Built-in Functions


CVL allows to use Solidity’s keccak256 hashing function directly in spec. Below are two usage examples: one using a bytes array, another using primitives. As bytes32 is the return type of keccak256 and is a primitive type, calls to keccak256 can be nested.

(Currently, only the keccak256 hash is supported in CVL as a built-in.)


Given the following Solidity snippet:

contract HashingExample {
  struct SignedMessage {
    address sender;
    uint256 nonce;
    bytes signature;

  mapping (bytes32 => uint256) messageToValue;

  function hashingScheme1(SignedMessage memory s) public pure returns (bytes32) {
    return keccak256(abi.encode(s.sender, s.nonce));

  function hashingScheme2(SignedMessage memory s) public pure returns (bytes32) {
    return keccak256(s.signature);

  function hashingScheme3(SignedMessage memory s) public pure returns (bytes32) {
    return keccak256(abi.encode(s.sender, s.nonce, keccak256(s.signature)));

  function hashingScheme4(SignedMessage memory s) public pure returns (bytes32) {
    return keccak256(abi.encode(s.sender, s.nonce, s.signature));

The hashing schemes described by hashingScheme1, hashingScheme2, and hashingScheme3 can be replicated in CVL as follows:

function hashingScheme1CVL(HashingExample.SignedMessage s) returns bytes32 {
  return keccak256(s.sender, s.nonce);

function hashingScheme2CVL(HashingExample.SignedMessage s) returns bytes32 {
  return keccak256(s.signature);

function hashingScheme3CVL(HashingExample.SignedMessage s) returns bytes32 {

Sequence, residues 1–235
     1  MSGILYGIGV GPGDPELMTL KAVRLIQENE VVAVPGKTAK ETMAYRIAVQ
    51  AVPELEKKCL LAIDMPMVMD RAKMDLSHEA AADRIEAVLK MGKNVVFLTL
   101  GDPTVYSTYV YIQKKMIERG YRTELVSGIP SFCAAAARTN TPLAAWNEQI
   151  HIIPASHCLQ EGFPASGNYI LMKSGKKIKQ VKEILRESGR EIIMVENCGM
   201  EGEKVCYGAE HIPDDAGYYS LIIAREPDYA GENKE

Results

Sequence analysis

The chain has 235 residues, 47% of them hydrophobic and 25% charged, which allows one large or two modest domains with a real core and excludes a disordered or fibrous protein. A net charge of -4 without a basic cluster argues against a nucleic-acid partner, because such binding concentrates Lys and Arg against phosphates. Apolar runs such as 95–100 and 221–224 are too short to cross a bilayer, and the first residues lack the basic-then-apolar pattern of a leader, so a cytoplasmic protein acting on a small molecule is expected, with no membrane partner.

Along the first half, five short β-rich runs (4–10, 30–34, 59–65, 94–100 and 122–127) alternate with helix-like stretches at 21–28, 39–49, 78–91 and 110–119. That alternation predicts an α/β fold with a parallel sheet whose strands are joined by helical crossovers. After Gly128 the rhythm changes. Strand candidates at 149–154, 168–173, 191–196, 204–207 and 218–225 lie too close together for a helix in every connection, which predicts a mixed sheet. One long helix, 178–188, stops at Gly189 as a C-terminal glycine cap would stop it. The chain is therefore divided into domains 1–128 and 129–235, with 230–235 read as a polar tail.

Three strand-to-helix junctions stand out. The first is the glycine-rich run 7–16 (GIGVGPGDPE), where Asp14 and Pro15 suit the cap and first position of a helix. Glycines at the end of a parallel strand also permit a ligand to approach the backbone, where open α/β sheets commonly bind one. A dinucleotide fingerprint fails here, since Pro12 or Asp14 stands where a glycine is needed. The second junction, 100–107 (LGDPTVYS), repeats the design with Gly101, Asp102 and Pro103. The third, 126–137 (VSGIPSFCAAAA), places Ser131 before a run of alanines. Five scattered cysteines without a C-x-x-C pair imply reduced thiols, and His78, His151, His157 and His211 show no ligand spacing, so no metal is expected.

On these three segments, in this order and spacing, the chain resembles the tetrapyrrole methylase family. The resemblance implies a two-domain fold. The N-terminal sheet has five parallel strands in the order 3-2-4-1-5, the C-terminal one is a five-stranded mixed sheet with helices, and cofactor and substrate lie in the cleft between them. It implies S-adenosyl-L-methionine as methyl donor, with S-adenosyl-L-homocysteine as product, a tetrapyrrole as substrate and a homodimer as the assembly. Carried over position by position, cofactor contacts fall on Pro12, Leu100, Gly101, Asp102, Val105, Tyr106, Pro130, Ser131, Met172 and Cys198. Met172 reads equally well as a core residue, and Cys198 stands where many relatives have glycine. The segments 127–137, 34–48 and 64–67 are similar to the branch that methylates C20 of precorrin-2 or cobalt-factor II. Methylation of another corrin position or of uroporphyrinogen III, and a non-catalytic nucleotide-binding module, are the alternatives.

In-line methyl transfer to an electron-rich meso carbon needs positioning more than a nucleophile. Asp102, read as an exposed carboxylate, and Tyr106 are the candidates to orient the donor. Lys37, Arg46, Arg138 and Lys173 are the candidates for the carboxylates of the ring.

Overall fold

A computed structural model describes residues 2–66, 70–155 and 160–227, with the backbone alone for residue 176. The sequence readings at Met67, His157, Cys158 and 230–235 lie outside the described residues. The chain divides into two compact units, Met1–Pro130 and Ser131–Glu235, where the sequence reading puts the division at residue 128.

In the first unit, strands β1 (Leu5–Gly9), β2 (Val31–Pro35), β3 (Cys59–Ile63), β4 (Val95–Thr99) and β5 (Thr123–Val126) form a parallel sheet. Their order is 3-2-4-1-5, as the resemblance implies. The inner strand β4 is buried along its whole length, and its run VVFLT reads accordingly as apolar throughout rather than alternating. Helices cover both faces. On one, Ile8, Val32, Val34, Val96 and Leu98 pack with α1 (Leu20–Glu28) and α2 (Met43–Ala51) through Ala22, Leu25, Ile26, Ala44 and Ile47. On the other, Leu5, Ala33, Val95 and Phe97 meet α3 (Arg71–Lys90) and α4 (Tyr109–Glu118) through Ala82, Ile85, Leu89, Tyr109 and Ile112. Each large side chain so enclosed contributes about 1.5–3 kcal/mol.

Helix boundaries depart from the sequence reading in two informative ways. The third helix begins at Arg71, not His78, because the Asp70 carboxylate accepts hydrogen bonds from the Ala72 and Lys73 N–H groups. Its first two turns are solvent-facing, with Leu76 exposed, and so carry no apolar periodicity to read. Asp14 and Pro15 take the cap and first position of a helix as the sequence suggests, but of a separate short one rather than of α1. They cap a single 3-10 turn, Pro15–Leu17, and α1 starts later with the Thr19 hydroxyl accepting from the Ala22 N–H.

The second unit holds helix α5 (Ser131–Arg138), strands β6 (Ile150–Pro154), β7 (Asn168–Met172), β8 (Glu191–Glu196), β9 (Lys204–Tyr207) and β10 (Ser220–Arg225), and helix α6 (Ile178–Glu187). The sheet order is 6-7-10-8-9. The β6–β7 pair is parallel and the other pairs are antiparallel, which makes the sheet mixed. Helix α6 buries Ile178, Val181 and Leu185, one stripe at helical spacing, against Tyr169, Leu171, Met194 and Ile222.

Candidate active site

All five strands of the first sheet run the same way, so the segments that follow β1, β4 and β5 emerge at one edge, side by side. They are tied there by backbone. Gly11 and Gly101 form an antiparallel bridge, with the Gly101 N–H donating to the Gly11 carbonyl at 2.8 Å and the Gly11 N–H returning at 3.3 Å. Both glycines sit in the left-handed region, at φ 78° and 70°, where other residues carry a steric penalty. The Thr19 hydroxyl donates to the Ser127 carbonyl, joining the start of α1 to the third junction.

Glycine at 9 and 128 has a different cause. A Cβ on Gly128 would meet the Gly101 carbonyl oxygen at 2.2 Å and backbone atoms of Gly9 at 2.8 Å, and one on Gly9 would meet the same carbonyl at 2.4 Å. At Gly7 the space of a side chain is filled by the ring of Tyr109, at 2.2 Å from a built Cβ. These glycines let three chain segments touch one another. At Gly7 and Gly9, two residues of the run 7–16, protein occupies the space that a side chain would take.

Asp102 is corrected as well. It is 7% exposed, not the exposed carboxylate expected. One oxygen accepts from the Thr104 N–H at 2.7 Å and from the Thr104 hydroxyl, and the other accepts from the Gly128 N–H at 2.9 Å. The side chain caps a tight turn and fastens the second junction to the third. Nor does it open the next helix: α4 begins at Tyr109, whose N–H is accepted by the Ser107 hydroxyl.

return keccak256(s.sender, s.nonce, keccak256(s.signature));

The scheme implemented in hashingScheme4 is not supported at the moment, as it combines a bytes type with primitives. The keccak256 built-in function supports two kinds of inputs:

  • a single bytes parameter

  • a list of primitive (e.g., uint256, uint8, addresss) parameters


keccak256 is currently unsupported in quantified expressions.


The ecrecover function in Solidity is helpful in recovering the signer’s address from a signed message. It exists in very similar form in CVL and receives exactly the same parameter types as its Solidity counterpart.


ecrecover is supported in quantified expressions.

The Prover’s model of ecrecover does not actually implement the elliptical curve recovery algorithm, and is instead implemented using an ghost function. Like all ghost functions, axioms can be added to make the behavior of CVL’s ecrecover more faithfully model the actual key recovery algorithm.

There is a useful set of axioms that can be encoded in CVL to make the modeled behavior of ecrecover more precise and less likely to create false counterexamples:

function ecrecoverAxioms() {
  // zero value:
  require (forall uint8 v. forall bytes32 r. forall bytes32 s. ecrecover(to_bytes32(0), v, r, s) == 0);
  // uniqueness of signature
  require (forall uint8 v. forall bytes32 r. forall bytes32 s. forall bytes32 h1. forall bytes32 h2.
    h1 != h2 => ecrecover(h1, v, r, s) != 0 => ecrecover(h2, v, r, s) == 0);
  // dependency on r and s
  require (forall bytes32 h. forall uint8 v. forall bytes32 s. forall bytes32 r1. forall bytes32 r2.
    r1 != r2 => ecrecover(h, v, r1, s) != 0 => ecrecover(h, v, r2, s) == 0);
  require (forall bytes32 h. forall uint8 v. forall bytes32 r. forall bytes32 s1. forall bytes32 s2.
    s1 != s2 => ecrecover(h, v, r, s1) != 0 => ecrecover(h, v, r, s2) == 0);


Given the following Solidity snippet:

contract ECExample {
  function wrap_ecrecover(bytes32 digest, uint8 v, bytes32 r, bytes32 s) public pure returns (address) {
    return ecrecover(digest,v,r,s);

The following CVL function is equivalent to the wrap_ecrecover function in the Solidity snippet:

function wrap_ecrecoverCVL(bytes32 digest, uint8 v, bytes32 r, bytes32 s) returns address {
  return ecrecover(digest,v,r,s);